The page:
Saturday, May 22, 2010

Hawaii 01: Another Example

The state of Hawaii has provided us yet another example of the need to reform our electoral system. Voting in the special election to fill HI-01, left open by Neil Abercrombie's (D) retirement, finished up today, and the results are out:

  • (R) DJOU, Charles 67,274 39.5%
  • (D) HANABUSA, Colleen 52,445 30.8%
  • (D) CASE, Ed 47,012 27.6%

Quick math will show that Hanabusa and Case, both Democrats, combined for 58.4% of the vote. (The other three Democrats, other four Republicans, and four third-party and independent candidates combined received about 1.5%.) It would be a hard argument to make that a majority of either of the Hanabusa or Case voters would prefer that Djou be their representative, and yet, for the next 8 months, he will be.

Some people will claim that this is mostly Abercrombie's fault: he knew that Hawaii election law would lead to this free-for-all election, and he should have stayed on the job until January. Some will blame Case: he should have known he was running behind Hanabusa, and therefore should have stepped aside. Some will claim that this shows Hawaii should update its election laws to allow for primaries, or at least for party-commission selection of candidates.

A better answer would be approval voting (or score voting). This wouldn't have required a gubernatorial hopeful to half-heartedly continue on as a congressmen. And it wouldn't have forced a legitimately viable candidate (27.6% is a pretty respectable percentage) to bow out prematurely. Nor would it require another expensive and time consuming set of elections, or required the choice to be made by an undemocratic party boss. Instead, voters whose concern is that a Democrat, any Democrat, wins could have approved of both Hanabusa and Case, and as long as about 9% or so of the electorate had done that (or about 1/6th of the voters who voted for any Democrat), a Democrat would have won.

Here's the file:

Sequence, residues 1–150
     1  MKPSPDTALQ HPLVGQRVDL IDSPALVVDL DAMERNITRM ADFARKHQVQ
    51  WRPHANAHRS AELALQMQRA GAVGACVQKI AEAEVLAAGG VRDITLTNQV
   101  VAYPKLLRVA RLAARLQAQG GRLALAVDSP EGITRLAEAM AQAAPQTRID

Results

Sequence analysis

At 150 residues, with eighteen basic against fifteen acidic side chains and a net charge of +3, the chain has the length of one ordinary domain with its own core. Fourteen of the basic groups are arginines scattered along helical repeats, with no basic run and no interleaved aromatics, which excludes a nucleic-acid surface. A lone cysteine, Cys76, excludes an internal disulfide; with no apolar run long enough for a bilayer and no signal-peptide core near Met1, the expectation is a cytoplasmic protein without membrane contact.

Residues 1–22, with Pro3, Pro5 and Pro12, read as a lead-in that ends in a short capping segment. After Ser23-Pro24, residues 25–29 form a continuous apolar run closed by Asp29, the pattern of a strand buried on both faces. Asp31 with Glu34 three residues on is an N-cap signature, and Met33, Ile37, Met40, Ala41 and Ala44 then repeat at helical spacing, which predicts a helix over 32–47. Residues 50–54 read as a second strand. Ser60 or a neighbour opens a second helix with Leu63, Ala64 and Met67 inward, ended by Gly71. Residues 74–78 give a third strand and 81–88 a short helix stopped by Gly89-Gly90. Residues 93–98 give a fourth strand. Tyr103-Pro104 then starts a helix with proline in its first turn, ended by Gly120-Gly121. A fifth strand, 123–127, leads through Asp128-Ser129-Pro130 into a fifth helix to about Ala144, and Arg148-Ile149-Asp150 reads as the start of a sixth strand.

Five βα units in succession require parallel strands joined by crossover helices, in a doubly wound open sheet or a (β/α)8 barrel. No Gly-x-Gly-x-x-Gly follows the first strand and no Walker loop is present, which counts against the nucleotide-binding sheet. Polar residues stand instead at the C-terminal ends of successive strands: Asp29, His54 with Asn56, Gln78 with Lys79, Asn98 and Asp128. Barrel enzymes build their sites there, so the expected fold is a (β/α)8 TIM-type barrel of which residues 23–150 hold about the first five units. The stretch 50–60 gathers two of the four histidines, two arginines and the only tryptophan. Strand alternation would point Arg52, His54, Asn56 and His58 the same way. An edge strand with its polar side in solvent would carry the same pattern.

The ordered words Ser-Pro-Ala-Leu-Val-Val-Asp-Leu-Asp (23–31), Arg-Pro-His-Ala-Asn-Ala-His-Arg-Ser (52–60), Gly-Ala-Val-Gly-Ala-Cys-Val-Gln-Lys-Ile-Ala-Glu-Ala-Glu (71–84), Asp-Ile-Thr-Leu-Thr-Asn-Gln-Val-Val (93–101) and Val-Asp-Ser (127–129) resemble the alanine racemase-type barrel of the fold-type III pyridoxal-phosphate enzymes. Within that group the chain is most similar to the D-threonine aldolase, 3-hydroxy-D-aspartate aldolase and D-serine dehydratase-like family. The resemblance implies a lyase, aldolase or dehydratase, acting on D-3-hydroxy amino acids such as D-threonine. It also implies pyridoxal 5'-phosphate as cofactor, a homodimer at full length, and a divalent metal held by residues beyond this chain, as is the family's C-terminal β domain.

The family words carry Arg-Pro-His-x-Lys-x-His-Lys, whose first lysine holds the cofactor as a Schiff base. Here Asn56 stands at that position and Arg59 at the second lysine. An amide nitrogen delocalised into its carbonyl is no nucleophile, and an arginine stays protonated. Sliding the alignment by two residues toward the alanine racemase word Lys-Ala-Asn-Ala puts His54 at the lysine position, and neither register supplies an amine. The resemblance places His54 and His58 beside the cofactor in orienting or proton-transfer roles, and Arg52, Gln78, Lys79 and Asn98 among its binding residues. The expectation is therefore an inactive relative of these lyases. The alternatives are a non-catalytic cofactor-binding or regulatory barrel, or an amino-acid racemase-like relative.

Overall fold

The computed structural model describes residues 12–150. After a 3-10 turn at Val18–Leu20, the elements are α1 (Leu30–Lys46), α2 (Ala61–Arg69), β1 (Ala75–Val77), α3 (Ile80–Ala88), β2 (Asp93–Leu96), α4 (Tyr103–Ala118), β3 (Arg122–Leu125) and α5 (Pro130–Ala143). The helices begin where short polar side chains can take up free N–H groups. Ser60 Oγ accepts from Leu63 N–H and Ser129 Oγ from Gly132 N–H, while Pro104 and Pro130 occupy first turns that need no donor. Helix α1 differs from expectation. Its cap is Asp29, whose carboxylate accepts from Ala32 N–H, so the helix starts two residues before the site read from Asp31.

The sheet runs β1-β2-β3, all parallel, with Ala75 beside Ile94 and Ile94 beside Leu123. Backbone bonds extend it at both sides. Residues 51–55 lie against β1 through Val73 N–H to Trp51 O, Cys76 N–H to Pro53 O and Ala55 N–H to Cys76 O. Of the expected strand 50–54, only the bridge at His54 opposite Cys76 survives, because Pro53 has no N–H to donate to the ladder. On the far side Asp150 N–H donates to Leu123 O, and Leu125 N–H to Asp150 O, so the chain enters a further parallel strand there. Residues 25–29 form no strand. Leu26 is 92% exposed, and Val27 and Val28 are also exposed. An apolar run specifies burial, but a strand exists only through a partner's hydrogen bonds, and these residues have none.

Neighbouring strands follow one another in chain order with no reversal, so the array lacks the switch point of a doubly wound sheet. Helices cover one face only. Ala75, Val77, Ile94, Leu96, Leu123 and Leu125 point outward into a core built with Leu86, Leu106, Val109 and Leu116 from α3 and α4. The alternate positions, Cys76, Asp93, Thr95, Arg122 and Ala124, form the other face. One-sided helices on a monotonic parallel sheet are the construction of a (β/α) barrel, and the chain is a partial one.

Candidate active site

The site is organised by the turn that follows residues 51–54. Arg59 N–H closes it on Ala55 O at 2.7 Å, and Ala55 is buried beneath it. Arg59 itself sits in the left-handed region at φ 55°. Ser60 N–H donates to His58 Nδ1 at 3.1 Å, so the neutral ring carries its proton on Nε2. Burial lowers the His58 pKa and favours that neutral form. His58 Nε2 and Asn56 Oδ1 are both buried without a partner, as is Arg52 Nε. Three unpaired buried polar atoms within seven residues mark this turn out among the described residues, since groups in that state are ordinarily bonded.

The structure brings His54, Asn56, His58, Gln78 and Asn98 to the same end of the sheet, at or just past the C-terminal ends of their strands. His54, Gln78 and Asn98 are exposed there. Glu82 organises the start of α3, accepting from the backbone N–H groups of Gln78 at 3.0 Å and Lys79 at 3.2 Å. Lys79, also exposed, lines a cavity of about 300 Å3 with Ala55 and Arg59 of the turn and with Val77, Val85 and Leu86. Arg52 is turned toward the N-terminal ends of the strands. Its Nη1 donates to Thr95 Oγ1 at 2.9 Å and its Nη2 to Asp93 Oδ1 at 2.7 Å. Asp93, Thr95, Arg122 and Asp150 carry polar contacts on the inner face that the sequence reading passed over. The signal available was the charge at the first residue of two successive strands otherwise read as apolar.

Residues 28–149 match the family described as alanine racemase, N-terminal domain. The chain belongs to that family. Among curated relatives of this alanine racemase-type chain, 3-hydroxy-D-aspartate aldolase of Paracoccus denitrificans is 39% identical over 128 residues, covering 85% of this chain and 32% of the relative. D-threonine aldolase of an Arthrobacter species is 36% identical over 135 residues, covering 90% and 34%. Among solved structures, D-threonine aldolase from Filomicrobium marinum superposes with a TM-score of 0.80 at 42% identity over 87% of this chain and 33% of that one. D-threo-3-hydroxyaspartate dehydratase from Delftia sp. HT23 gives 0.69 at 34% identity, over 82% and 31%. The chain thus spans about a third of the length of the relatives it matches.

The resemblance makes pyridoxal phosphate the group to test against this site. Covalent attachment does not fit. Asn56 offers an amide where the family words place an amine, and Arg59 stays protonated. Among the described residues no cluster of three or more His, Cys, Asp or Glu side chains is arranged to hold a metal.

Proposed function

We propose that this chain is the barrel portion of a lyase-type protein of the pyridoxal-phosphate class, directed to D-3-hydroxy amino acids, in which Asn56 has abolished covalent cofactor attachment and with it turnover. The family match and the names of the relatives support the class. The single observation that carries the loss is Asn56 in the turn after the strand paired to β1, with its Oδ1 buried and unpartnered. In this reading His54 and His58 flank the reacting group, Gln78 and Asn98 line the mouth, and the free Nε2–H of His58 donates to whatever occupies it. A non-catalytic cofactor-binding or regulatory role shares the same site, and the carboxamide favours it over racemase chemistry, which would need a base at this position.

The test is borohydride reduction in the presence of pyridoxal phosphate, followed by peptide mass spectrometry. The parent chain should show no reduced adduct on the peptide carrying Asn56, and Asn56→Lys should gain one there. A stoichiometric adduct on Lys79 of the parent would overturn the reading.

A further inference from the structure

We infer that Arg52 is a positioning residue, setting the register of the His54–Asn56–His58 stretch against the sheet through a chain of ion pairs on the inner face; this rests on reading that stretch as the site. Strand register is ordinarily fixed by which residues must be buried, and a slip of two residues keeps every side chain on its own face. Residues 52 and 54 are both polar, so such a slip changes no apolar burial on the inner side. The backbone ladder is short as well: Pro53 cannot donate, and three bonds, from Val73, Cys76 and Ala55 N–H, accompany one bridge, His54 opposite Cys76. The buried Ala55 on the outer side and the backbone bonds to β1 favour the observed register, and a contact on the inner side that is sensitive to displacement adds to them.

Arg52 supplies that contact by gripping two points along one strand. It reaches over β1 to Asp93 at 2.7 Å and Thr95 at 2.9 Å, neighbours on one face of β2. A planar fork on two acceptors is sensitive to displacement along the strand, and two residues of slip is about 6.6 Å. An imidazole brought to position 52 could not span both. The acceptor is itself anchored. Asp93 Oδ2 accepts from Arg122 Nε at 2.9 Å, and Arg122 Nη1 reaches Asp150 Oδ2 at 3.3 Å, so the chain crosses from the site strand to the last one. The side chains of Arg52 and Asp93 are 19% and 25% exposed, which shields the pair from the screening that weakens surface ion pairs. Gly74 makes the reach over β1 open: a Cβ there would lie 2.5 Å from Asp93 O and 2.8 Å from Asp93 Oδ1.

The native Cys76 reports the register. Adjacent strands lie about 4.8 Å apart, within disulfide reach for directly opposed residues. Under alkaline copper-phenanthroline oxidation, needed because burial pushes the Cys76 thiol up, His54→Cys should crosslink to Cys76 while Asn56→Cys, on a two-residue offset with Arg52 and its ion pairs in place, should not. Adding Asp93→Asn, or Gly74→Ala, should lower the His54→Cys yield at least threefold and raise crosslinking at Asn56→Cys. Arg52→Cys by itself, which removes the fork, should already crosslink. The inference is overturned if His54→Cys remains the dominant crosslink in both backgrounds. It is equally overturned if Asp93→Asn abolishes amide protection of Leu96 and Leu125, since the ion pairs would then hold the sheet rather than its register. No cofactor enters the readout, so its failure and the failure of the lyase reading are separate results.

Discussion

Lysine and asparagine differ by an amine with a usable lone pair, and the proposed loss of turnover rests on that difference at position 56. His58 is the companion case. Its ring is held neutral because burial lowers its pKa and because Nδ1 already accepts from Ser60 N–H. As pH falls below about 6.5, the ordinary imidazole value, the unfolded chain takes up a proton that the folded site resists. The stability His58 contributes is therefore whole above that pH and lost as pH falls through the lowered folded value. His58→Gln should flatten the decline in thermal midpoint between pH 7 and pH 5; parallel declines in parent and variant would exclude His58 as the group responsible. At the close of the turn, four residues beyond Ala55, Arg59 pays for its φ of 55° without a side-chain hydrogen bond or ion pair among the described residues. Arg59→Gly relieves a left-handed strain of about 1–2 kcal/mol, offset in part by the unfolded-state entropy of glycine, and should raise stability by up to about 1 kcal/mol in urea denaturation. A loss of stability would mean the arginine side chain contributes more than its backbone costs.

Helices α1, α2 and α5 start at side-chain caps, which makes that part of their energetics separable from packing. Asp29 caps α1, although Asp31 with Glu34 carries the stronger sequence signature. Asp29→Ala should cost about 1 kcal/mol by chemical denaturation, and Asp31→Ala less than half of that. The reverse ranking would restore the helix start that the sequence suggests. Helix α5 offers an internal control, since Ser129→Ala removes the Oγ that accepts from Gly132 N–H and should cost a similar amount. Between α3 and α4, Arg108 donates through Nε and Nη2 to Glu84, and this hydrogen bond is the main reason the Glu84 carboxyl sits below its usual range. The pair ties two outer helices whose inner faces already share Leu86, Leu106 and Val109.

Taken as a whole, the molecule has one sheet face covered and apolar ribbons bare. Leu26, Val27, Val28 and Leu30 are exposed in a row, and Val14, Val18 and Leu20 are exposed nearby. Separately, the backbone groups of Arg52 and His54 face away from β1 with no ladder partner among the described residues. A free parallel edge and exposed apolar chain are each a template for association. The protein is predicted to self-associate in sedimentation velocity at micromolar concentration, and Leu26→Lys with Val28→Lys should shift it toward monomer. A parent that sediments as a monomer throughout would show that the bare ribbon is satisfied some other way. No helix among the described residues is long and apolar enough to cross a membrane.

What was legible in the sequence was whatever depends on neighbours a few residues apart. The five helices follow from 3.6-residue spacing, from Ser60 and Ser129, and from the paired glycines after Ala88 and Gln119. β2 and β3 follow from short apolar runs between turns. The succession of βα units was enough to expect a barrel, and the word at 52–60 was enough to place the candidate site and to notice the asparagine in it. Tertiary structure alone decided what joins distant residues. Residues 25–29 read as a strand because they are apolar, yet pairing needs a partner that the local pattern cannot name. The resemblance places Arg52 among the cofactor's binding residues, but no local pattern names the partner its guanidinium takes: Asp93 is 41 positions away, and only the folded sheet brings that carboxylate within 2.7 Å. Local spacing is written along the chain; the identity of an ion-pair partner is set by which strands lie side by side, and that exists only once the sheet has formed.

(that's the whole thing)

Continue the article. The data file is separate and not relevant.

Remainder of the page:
1. Approval voting would have produced the same undemocratic outcome as plurality voting because most backers of the two Democrats opposed the other Democrat nearly as much as they were against the Republican. When indicating support for a lesser choice counts directly against the odds of your first choice, then you're quite unlikely to do anything other than vote for your first choice.

  2. I disagree with your assessment.

    The truth is, there haven't been a lot of real-world trials, so your guess is completely unsubstantiated.

    What we do have are extensive computer simulations though, and those suggest that I might be right. Worst case, nothing changes; best case, a golden age for democracy. Is it worth trying? I say yes.

    But more importantly, you've inadvertently pointed out the great advantage that approval voting provides: voting for a lesser choice decreases the odds for your first choice, yes; but if you lose that fight, you still get your SECOND choice. Under every other voting system out there (including instant runoff voting, which I presume you favor since you use their deceptive "later harm" language), when you make that choice and lose, you risk ending up with your LAST choice.

    The harm I'm concerned in avoiding isn't the harm to my favorite candidate, it's the harm to ME, the voter. And approving an honest second choice and "losing" does SIGNIFICANTLY less harm to ME then either ranking my true-favorite second, or ranking them first and getting my least-favorite.